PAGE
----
Let $\mathbf{X}=(X_1,\dots,X_p)\sim\mathcal{N}(\mu,\Sigma)$ be a Gaussian random vector. We all know that

$$d^2(\mathbf{X},\mu) = (\mathbf{X}-\mu)^T\Sigma^{-1}(\mathbf{X}-\mu) $$

has a $\chi^2_p-$distribution. We also know how the distribution changes when we don't know $\mu$ and $\Sigma$, but we have sample estimates $\bar{\mathbf{X}}$ and $S$. I wonder what is the distribution of this other quantity: if $\mathbf{X_1}$ and $\mathbf{X_2}$ are two independent draws from $\mathcal{N}(\mu,\Sigma)$, then how is

$$d^2(\mathbf{X_1},\mathbf{X_2}) = (\mathbf{X_1}-\mathbf{X_2})^T\Sigma^{-1}(\mathbf{X_1}-\mathbf{X_2}) $$

distributed? Is it $\chi^2_{2p}-$distributed?

Finally, if $D=\{\mathbf{X_1},\dots,\mathbf{X_n}\}$ is a random sample of size $n$ from $\mathcal{N}(\mu,\Sigma)$, and $\mathbf{X_i}$ and $\mathbf{X_j}$ are observations in the sample $D$, how is

$$d^2(\mathbf{X_i},\mathbf{X_j}) = (\mathbf{X_i}-\mathbf{X_j})^TS^{-1}(\mathbf{X_i}-\mathbf{X_j}) $$

distributed ($S$ is obviously the sample covariance matrix)?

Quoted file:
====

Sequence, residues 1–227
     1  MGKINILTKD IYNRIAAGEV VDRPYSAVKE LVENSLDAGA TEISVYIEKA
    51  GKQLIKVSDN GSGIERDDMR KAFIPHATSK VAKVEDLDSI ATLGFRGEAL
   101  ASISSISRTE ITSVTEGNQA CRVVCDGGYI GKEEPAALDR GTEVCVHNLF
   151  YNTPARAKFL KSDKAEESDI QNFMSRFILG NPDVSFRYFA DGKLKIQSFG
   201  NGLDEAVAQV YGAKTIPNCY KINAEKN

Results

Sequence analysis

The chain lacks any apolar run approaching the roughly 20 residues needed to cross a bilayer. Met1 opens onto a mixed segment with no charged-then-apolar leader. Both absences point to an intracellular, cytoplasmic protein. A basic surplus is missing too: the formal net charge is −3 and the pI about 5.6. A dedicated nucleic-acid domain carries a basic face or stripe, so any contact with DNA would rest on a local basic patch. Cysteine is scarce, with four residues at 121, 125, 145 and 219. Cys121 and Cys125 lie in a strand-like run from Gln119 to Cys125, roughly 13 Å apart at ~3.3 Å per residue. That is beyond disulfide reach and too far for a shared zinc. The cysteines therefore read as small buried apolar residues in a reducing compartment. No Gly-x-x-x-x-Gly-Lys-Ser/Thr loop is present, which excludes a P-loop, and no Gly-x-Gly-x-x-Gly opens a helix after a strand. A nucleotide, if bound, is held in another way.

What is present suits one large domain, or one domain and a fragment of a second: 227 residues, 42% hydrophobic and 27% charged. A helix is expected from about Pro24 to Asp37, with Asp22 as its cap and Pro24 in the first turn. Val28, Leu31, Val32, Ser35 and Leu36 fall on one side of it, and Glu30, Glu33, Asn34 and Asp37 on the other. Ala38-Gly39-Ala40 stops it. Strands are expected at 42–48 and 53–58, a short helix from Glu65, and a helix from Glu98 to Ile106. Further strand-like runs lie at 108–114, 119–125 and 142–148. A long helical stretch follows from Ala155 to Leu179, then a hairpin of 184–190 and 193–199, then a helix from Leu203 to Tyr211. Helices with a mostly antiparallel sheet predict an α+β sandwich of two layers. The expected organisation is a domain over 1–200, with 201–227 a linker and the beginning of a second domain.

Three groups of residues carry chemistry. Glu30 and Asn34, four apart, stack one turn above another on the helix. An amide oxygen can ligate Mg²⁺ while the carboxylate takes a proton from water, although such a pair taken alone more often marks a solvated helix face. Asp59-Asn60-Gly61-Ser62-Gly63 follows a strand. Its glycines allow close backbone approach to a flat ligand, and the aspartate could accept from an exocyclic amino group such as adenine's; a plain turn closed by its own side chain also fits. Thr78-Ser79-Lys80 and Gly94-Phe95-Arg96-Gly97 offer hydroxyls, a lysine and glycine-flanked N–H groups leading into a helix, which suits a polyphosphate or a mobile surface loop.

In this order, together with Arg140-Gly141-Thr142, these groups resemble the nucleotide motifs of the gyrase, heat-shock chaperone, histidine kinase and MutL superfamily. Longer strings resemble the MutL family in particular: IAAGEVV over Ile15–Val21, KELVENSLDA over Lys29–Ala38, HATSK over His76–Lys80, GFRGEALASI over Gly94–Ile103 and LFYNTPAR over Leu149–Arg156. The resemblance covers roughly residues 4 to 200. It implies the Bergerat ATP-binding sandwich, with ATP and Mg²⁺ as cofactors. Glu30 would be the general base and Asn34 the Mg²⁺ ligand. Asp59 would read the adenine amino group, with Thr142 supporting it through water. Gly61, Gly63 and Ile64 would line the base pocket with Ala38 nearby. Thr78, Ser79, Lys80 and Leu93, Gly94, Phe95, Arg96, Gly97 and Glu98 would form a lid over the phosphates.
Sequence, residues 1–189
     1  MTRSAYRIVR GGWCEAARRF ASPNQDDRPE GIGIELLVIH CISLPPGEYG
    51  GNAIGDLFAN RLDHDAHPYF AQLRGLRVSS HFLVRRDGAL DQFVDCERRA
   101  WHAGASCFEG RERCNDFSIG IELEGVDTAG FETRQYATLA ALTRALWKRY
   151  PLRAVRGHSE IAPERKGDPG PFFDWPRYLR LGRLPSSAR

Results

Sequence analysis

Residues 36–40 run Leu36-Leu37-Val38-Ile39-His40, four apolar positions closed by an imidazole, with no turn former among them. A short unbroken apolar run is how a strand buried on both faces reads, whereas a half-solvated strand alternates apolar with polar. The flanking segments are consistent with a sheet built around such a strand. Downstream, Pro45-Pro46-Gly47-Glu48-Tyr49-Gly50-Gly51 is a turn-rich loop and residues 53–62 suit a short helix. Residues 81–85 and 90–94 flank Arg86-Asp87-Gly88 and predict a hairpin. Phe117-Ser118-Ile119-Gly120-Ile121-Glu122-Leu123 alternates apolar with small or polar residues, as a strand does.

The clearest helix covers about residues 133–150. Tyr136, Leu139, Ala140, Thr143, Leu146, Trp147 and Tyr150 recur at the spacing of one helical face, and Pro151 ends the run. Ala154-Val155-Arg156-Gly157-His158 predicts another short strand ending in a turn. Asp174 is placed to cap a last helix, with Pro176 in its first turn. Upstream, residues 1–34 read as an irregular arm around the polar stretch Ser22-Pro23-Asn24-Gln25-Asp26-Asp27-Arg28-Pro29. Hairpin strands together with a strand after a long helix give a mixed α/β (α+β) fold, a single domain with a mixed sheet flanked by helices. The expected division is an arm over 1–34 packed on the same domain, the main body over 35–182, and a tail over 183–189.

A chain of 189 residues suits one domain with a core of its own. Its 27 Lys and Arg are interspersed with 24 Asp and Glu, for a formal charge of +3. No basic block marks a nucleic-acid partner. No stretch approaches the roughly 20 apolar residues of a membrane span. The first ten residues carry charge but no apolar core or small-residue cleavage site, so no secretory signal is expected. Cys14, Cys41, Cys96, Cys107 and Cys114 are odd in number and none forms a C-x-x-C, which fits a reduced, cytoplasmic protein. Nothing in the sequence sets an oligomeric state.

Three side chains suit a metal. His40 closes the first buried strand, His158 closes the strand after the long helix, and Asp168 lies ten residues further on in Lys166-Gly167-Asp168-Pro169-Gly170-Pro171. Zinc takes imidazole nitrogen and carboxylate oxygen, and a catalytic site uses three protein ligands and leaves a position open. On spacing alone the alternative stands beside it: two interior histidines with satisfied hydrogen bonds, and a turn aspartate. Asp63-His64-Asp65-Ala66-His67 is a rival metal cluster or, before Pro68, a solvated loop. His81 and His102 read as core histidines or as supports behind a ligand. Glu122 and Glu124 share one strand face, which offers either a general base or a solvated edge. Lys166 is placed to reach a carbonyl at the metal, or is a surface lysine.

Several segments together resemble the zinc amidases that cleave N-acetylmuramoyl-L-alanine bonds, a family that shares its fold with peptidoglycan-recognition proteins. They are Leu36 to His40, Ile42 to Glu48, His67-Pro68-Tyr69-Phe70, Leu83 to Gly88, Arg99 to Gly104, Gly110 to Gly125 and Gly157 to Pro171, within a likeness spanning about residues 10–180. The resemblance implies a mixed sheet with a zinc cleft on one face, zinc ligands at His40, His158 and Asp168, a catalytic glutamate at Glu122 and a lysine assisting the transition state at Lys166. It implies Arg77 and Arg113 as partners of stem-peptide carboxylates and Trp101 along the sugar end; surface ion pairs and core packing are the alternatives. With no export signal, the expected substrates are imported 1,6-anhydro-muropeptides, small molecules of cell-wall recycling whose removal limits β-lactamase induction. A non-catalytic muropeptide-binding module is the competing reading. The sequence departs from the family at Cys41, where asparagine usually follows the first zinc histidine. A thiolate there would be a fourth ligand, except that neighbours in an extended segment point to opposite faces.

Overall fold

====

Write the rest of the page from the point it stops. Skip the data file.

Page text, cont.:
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    $\begingroup$ en.wikipedia.org/wiki/Wishart_distribution $\endgroup$ – whuber Nov 24 '17 at 13:29
  • $\begingroup$ @whuber I'm maybe being dense, but the Wishart is a random matrix distribution, right? My quantity $d^2$ is a scalar - it's a dot product. Maybe the row-vector notation I used is confusing. I'm switching to a column-vector notation which is pheraps more common? $\endgroup$ – DeltaIV Nov 24 '17 at 14:31
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    $\begingroup$ I'm sorry; my reference was too obscure. Look at en.wikipedia.org/wiki/Hotelling%27s_T-squared_distribution (which also clarifies the relevance of the first reference). $\endgroup$ – whuber Nov 24 '17 at 14:39
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    $\begingroup$ @whuber ok - just to be clear, you're not talking about the the two-sample Hotelling T-statistics, right?. The two sample statistics is the distribution of the difference between the sample means from two samples, while I'm looking at the difference between two observations. You're talking about the more general Hotelling $T^2(p,m)$ distribution with dimensionality parameter $p$ and $m$ degrees of freedom: the one described in the "Definition" section of the Wikipedia link. Right? $\endgroup$ – DeltaIV Nov 24 '17 at 16:38
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    $\begingroup$ And $S$ has the Wishart distribution - now I get the reason for your first reference. $\endgroup$ – DeltaIV Nov 24 '17 at 16:39

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